Director Carol Morley tell us all about about her Lockdown Film Club – and her future plans.

When the first lockdown got under way back in the spring of 2020, director Carol Morley sprung into action. She took to social media and came up with something that brought film fans together.

“It was very instinctive,” she says of her Lockdown Film Club. “We were going into lockdown and I put on Twitter ‘should I start an online film club?’ Hundreds of yeses and it was like oh god I’ve got to do it now!” she laughs.

“The instinct to do it was a fear, well not fear but a feeling of missing cinema. Most of us can all now watch a lot of films at home via different streaming platforms, but I wanted to recreate the chat after, or the sense of being in a cinema with others.”

The Lockdown Film Club’s only conditions were that everyone watched the films simultaneously (Friday 8pm), and that the films were freely available. Carol told me what she particularly loved were the friendships that the club created.

“Everyone was so supportive of each other. There was a sense that it had really helped people through a difficult time, because they felt a connection and purpose. A bit like what I felt… I knew what I was doing on Friday and where I’d be, especially during the first lockdown where we didn’t necessarily know how to shape our lives.”

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Film club ‘members’ even received ‘#fridayfilmclub’ handicraft badges through the post. “It started to feel like an entity” she explains. “And I realised how much people did need it, even though it was what I would call a simulacrum of that real experience of community – it felt like it meant something to people, they connected it with that.”

We discussed too the female focus of the films she chose to include, ranging from Ruth Stuart’s Doomsday (1934) to Celine Sciamma’s Portrait Of A Lady On Fire (2019).

“In the public domain there are sadly not as many films directed by women. Everybody seemed to know something that somebody else didn’t, so it became a real platform of contribution.” She mentions British director Muriel Box: “the most prolific maker of films made by a woman ever, but a lot of people haven’t heard of her.”

A strong female focus is what draws me personally to Carol Morley’s own films: the collectivity of a girl’s school in The Falling, the female detective in Out Of Blue, and her exploration of a forgotten woman’s identity in Dreams Of A Life.

2020 saw a record number of female-directed Hollywood films, and with films such as Kitty Green’s MeToo drama The Assistant and Sarah Gavron’s Rocks, female representation in the industry seemed noticeably more prevalent. But it is still hard to believe that in 93 years of the Oscars, only one woman has won the Best Director Academy Award (Kathryn Bigelow with The Hurt Locker in 2010).

“There certainly is a concerted effort to correct imbalances, in terms of all kinds of cinema that has been marginalised,” Carol acknowledges.

“There’s Hollywood obviously who have addressed it somewhat I guess… but I think if you look in ten years it won’t be that significantly different… I mean I hope it will be. I think women telling stories is particularly challenging because they might not be considered valid or interesting, I think that’s where it comes from.”

Carol recounts the difficulty in financing her first film The Alcohol Years: an intimate reflection upon her own sexual experience as a young woman.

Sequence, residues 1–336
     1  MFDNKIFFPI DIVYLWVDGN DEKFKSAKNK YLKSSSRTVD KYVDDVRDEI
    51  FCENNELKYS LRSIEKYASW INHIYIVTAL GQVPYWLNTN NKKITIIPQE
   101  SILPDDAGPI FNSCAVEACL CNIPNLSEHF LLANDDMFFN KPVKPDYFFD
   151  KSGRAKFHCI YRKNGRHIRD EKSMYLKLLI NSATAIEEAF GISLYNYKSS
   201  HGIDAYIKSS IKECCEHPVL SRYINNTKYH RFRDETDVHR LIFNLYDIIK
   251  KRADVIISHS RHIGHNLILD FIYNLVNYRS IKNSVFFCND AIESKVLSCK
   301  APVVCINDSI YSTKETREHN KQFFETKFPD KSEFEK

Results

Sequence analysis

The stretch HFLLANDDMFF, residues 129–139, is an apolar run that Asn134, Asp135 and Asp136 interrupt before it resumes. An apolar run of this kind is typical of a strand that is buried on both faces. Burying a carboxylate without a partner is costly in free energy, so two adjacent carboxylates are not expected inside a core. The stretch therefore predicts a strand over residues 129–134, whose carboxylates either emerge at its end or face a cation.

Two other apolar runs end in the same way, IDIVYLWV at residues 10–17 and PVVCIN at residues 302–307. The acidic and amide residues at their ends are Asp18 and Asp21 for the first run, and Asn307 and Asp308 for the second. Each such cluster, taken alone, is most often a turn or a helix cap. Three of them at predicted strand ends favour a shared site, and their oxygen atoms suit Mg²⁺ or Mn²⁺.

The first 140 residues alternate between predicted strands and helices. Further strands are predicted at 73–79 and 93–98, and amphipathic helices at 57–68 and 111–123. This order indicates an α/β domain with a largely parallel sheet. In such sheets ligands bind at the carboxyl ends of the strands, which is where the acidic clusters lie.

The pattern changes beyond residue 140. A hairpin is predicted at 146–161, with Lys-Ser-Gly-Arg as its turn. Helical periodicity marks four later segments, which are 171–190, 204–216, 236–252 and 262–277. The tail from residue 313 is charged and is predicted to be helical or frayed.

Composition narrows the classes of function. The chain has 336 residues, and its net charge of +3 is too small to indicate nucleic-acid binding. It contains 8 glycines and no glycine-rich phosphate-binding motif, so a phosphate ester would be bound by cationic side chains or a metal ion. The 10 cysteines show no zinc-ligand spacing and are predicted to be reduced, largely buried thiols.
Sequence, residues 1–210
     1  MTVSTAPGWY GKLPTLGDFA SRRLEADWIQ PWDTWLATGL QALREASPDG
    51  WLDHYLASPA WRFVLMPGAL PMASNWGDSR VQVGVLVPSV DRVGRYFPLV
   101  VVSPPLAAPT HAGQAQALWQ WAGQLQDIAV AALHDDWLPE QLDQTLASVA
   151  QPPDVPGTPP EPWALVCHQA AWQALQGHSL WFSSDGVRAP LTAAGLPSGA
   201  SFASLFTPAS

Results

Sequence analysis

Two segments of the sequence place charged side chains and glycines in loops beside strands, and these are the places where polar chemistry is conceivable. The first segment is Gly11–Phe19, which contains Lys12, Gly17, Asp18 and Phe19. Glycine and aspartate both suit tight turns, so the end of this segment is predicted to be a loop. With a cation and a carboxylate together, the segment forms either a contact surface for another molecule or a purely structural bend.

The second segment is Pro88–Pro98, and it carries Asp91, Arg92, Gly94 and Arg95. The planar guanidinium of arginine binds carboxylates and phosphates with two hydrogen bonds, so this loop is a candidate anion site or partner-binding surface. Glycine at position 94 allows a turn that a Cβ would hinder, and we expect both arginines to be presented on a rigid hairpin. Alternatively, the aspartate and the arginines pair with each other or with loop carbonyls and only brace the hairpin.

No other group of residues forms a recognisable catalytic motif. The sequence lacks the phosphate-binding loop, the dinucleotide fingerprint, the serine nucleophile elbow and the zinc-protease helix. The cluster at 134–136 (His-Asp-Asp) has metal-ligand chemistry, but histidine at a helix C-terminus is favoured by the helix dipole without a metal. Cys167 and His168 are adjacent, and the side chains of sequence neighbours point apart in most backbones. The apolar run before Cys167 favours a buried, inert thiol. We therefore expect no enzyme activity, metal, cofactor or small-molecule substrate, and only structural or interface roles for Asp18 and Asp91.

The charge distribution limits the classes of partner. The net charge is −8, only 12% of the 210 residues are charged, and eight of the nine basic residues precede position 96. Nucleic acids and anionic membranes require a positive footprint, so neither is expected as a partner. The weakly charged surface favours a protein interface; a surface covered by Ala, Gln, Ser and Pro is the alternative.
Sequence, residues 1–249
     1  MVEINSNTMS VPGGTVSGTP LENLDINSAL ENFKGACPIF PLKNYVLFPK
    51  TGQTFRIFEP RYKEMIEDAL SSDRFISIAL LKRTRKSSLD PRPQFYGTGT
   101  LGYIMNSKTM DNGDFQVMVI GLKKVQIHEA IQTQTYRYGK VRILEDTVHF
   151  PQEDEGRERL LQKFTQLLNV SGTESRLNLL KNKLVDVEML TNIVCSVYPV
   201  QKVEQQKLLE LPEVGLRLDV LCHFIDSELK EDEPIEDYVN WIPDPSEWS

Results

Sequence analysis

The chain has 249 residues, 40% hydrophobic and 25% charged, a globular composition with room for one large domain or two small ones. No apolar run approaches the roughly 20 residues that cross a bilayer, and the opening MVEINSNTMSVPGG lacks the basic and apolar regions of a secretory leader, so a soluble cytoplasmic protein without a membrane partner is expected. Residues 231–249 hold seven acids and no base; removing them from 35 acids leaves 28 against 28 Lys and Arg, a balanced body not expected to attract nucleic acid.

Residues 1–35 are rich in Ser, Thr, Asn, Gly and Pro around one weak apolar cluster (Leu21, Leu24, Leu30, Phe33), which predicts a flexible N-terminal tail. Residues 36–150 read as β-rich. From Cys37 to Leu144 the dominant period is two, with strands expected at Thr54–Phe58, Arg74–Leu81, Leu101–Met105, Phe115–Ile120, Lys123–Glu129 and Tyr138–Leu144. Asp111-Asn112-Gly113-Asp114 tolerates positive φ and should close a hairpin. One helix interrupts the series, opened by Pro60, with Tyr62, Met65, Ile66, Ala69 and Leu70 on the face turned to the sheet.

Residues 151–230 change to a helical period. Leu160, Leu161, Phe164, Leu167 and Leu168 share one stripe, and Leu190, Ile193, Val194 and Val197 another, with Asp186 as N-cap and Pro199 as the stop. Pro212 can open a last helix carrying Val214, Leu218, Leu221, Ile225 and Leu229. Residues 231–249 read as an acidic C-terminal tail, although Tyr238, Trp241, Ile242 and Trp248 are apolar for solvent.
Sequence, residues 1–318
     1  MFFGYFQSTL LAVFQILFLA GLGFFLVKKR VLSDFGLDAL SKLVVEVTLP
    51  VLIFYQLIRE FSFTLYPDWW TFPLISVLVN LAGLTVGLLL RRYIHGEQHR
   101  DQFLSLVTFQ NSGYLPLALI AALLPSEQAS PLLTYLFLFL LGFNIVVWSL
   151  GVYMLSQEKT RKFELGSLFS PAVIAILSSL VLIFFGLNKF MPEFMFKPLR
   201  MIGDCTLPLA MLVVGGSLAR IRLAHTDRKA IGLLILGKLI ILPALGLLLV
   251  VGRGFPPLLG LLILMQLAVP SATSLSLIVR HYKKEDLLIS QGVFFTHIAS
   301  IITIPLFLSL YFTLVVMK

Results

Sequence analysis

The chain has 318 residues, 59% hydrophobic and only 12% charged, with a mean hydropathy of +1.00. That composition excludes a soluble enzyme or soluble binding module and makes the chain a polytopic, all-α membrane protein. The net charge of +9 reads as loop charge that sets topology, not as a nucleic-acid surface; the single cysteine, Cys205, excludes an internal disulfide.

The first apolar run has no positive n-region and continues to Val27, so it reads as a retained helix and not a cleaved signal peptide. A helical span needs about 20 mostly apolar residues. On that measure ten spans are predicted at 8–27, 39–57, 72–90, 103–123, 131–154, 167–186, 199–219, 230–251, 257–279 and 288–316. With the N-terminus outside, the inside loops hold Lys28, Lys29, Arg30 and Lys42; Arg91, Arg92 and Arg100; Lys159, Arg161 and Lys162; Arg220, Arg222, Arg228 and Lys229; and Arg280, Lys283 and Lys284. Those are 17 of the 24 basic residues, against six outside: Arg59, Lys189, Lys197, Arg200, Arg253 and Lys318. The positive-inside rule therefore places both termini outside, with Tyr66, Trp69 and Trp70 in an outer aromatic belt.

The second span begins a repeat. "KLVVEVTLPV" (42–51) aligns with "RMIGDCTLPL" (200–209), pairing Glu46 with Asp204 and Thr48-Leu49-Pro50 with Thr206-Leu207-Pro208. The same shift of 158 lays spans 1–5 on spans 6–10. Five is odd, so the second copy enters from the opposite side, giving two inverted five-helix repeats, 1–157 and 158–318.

“There was definitely a sense of prejudice towards the subject matter, and also a prejudice towards the way I wanted to make it. I felt that in itself was a prejudice towards female subjectivity.”

Twenty years on, it’s a film that still resonates with viewers.

“You certainly get much more mainstream representations of female sexual experience [she references I May Destroy You and I Hate Suzie], but I think some of the attitudes towards women have remained.”

Carol hopes to shoot her next film Typist, Artist, Pirate, King later this year: an imagined couple of days in the life of writer Audrey Amiss.

“It’s making my mental health remain kind of intact, because I’ve had that focus,” she tells me. Although Carol does add that the films she makes are “in a difficult place for the return to filmmaking.”

She went on to stress the damage mainstream blockbusters do to independent cinema.

“I wrote the other day about having a blockbuster recompense fund where you syphon off some of that money and put it into other kinds of filmmaking, because they swamp the cinemas and have a strong effect on what else gets shown – they are very, very powerful machines.”

I wondered whether another Lockdown Film Club could be on the horizon?

“I think certain things have the right time and I feel it belongs to the first lockdown. If I did it again it would have a different sentiment to it. Cinemas opened again and then shut, now it’s just wait and see.” She adds: “20 films, 2020… it belonged to the time.”

So, what, I wonder does she think COVID will mean for the future of cinema?

“Lots of cinemas may never come back and a lot of distribution companies will be in trouble,” she states. “But it’s a human necessity to engage with other stories told through different mediums.”

She adds optimistically, “it’s clear that cinema is not on its last legs whatsoever… just going through… I think they call it a ‘seismic shift’.

“People are going to want to go out more than ever, so I actually think there will be a renaissance. If the industry has survived the blow that has been taken, there will be a re-centring of cinema… not many places like cinema. I have great faith in it.”

Find Carol on Twitter at @_carolmorley


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